In recent decades, the Federal Reserve has made relatively few discount loans. Before a bank borrows from the Federal Reserve to fill out its required reserves, the bank is expected to first borrow from other available sources, like other banks. This is encouraged by Fed’s charging a higher discount rate, than the federal funds rate. Given that most banks borrow little at the discount rate, changing the discount rate up or down has little impact on their behavior. More importantly, the Fed has found from experience that open market operations are a more precise and powerful means of executing any desired monetary policy.
In the Federal Reserve Act, the phrase “…to afford means of rediscounting commercial paper” is contained in its long title. This tool was seen as the main tool for monetary policy when the Fed was initially created. This illustrates how monetary policy has evolved and how it continues to do so.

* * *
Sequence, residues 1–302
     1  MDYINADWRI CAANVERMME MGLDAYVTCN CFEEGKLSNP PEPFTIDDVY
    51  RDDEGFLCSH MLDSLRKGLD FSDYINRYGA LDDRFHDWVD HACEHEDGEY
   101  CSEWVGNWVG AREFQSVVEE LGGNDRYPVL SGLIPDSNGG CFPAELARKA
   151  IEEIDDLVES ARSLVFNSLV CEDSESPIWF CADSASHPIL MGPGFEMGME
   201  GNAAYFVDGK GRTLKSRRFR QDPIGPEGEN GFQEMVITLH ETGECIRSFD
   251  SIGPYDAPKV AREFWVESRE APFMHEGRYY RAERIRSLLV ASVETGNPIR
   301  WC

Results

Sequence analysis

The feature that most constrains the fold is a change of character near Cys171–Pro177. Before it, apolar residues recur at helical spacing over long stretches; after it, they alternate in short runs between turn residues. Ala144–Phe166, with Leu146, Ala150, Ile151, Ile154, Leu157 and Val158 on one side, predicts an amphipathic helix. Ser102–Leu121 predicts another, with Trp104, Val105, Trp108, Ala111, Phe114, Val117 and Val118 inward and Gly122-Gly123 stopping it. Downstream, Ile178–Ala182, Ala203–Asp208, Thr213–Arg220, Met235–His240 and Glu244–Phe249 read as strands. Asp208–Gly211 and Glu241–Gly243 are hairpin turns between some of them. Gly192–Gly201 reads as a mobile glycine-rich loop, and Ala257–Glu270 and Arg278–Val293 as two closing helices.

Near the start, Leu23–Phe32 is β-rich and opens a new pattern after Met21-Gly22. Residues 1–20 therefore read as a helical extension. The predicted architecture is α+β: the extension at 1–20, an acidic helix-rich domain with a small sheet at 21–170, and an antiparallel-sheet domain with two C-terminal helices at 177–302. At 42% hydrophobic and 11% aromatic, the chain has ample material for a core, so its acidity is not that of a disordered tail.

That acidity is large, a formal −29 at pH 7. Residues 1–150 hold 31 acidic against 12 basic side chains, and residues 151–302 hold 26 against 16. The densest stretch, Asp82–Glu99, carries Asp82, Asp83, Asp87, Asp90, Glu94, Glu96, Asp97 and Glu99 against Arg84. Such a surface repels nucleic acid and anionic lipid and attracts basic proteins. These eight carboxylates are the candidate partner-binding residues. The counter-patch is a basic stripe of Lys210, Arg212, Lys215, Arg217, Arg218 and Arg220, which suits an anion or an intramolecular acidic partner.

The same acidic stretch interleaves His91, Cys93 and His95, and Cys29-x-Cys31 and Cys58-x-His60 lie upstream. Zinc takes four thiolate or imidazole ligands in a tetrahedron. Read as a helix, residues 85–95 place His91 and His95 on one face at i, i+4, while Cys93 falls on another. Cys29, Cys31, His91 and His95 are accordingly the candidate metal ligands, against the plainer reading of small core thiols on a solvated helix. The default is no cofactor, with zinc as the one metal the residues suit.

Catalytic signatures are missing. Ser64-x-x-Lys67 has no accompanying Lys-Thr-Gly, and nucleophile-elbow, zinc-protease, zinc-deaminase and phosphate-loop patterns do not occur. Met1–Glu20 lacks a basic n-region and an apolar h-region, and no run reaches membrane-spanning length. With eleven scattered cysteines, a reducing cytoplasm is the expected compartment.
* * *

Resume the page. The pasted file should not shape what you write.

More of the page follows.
Key Concepts and Summary
A central bank has three traditional tools to conduct monetary policy: open market operations, which involves buying and selling government bonds with banks; reserve requirements, which determine what level of reserves a bank is legally required to hold; and discount rates, which is the interest rate charged by the central bank on the loans that it gives to other commercial banks. The most commonly used tool is open market operations.
The Global Financial Crisis and The Role of Monetary Policy
Speech by Jürgen Stark, Member of the Executive Board of the ECB